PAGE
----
The Problem with Measuring Innovation

The problem with measuring innovation is that you can’t measure innovation. This makes it a difficult thing to manage.

Now obviously, organisations figure out ways to measure how innovative they are – but they usually doing it by finding metrics that approximate some part of the innovation process. The fact that our metrics are all proxies leads to problems when we forget that they are only substitutes for what we are really interested in measuring, not the thing itself.

I ran across an example of this split between the measure and what we care about today when I was looking at twitalyzer. It’s a really nice free twitter analytics site that measures several things: your influence, your signal to noise ratio, your generosity (how frequently you cite other people), your velocity (how frequently you tweet) and your clout (ability to spur people to action). Influence is a composite measure that includes your clout, velocity and generosity, plus how often you are retweeted, and the number of followers that you have on twitter. It’s the last part of the measure that leads to potential trouble.

Getting followers on twitter is interesting. One strategy is to post interesting stuff for an extended period of time, and letting people find you (generosity, signal/noise and velocity all help with this). The problem with this is that it takes time. A faster way is to be famous. However, that’s not so easy. The easiest way to get followers is to follow a whole lot of people, and count on the web’s tendency towards reciprocity to work in your favour.

The problem with this is that you end up following a lot of people, which for me at least creates some difficulties. For me, twitter is a great information stream – it is part of my aggregating strategy. It helps me find innovation news and viewpoints that I don’t pick up in my rss feed from blogs. The problem with following lots of people is that this makes filtering impossible. There are tools that make it easier to manage large numbers of people that you follow – but they all work on the same principle – ignore most of them. Which means that if I do that, I’m not connecting.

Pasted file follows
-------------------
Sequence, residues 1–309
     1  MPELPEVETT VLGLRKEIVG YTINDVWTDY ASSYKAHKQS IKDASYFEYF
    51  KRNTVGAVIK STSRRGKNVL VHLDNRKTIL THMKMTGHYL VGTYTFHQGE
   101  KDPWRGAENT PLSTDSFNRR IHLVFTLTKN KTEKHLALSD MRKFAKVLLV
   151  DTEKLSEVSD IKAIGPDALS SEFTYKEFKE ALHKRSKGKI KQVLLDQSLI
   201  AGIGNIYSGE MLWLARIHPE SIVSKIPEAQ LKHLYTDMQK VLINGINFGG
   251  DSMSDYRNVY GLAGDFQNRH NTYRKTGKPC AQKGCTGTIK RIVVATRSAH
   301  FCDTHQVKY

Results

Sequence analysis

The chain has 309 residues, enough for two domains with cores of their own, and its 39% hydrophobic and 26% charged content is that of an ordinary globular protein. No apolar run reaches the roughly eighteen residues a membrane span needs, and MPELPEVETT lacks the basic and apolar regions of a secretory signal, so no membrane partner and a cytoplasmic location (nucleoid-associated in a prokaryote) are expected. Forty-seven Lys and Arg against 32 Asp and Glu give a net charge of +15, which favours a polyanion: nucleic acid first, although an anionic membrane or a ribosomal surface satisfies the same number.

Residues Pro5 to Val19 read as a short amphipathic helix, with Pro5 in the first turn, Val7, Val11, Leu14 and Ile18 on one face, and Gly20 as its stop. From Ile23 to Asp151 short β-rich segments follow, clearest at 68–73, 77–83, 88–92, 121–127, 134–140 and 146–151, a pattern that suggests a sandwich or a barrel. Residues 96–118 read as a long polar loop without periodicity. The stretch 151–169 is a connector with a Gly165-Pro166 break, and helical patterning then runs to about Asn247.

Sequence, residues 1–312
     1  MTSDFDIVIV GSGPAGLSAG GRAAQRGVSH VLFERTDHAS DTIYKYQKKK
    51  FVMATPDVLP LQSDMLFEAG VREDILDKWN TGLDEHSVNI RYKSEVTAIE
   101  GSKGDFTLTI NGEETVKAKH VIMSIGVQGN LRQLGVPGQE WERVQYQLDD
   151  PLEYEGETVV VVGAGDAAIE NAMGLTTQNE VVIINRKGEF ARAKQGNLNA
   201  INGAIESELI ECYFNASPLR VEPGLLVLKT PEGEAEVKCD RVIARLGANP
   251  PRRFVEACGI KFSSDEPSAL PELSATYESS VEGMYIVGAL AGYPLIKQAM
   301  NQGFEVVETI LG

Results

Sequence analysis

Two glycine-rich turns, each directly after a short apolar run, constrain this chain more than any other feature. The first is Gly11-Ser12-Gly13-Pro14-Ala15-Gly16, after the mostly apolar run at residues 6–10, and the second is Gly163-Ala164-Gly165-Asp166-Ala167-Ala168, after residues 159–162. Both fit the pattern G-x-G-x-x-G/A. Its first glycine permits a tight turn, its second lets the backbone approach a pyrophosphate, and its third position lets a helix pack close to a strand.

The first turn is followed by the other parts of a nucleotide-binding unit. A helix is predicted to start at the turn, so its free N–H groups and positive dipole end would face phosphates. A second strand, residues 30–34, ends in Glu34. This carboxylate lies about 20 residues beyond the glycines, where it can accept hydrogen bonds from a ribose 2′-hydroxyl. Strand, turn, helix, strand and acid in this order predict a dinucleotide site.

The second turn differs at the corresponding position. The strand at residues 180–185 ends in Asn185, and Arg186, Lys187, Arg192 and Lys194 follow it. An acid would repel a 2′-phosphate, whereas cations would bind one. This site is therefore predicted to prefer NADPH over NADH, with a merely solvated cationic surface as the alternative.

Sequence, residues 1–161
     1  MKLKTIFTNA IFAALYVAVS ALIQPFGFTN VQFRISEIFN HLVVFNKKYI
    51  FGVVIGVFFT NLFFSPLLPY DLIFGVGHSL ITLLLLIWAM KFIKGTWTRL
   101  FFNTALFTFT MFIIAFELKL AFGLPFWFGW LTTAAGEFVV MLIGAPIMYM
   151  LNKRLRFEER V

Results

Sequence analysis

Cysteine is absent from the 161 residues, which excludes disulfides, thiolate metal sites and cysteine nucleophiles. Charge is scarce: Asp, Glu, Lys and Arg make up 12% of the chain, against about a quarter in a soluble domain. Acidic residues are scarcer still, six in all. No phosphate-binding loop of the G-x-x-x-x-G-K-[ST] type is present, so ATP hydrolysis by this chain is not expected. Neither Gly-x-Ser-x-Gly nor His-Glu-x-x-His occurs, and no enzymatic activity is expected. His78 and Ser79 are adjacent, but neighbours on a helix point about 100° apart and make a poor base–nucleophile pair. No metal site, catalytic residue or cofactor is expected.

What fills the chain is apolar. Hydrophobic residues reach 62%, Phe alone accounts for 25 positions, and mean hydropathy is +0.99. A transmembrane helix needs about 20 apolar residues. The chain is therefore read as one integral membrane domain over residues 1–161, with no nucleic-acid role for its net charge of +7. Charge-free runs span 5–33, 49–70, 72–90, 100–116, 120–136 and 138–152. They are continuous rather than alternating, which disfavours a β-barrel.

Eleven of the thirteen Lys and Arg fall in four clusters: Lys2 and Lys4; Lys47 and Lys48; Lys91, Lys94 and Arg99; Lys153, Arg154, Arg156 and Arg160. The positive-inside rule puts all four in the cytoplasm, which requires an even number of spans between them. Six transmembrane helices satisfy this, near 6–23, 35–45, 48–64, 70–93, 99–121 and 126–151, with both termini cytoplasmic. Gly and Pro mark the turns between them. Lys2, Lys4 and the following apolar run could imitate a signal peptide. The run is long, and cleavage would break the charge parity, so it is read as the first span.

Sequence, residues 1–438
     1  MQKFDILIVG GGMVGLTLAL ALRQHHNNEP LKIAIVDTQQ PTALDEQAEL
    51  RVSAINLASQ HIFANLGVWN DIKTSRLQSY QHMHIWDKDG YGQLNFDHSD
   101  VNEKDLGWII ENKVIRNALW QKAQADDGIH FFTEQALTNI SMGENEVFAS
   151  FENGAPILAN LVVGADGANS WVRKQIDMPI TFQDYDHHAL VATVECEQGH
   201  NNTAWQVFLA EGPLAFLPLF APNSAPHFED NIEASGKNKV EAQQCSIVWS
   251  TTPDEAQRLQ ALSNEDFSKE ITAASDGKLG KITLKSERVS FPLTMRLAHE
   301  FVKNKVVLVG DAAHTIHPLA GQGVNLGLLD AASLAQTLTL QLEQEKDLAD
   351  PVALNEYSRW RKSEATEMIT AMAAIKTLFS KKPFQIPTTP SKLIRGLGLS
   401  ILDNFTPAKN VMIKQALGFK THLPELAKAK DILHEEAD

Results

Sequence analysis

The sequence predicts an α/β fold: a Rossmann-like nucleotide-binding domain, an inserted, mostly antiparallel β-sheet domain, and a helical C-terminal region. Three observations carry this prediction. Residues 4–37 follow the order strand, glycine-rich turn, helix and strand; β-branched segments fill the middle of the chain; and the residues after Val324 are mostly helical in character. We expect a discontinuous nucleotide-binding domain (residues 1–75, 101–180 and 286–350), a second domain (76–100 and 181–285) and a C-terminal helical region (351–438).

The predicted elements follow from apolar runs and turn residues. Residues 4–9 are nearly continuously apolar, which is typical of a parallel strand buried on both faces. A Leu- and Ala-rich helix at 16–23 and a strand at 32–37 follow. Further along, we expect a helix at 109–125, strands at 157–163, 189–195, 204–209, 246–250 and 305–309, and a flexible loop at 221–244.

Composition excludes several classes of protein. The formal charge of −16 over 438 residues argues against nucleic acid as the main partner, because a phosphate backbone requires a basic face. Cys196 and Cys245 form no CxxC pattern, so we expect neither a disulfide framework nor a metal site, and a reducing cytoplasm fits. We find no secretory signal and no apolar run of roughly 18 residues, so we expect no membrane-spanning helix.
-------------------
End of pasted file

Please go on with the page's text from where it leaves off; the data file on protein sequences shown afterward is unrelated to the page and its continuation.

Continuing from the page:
My twitter strategy is to use it as part of my larger aggregate, filter & connect strategy. But if I try to manage the metric – ‘influence’ – I have to collect a lot of followers, which actually makes it harder to execute my strategy. This illustrates the problem with mistaking a metric like influence with what you actually want to accomplish.

The same thing happens when we manage innovation. One of the most common measures of innovativeness is patents. But no one actually needs patents – they need the things that patents somtimes provide – a competitive edge from exclusivity, monopoly profits, or the development of unique products. If we spend too much time managing the metric, we might not achieve the outcomes (profits, market share, etc.) that we really want.

How can we fix this? There are few things we can do:

  • Don’t mistake the metrics for the thing we really care about – constantly remind yourself that since we can’t measure innovation directly, the metrics that we use are approximations, not the actual thing that we care about.
  • Use multiple metrics – one way around this problem is to use multiple measures for innovation. There are many possible measures – how much we’re investing in generating ideas, how many new products/services/process improvements we actually introduce, profits from new products/services, senior management time devoted to innovation, innovation porftolio balance (both distribution of innovation efforts over time scales, and across the incremental-radical spectrum), and so on. Scott Anthony has done some outstanding work in this area, which he summarises here.
  • Make sure that your innovation metrics are tied to your strategy – Think about what you are trying to accomplish, and make sure that your metrics measure actions that will contribute to the outcomes that you are trying to achieve.

Measuring innovation is one of the hardest parts of managing innovation. Avoid the trap of thinking that your innovation metrics measure innovation directly to make the process a little bit easier.

(picture from flickr/aussiegall – CC licensed)

Student and teacher of innovation - University of Queensland Business School - links to academic papers, twitter, and so on can be found here.

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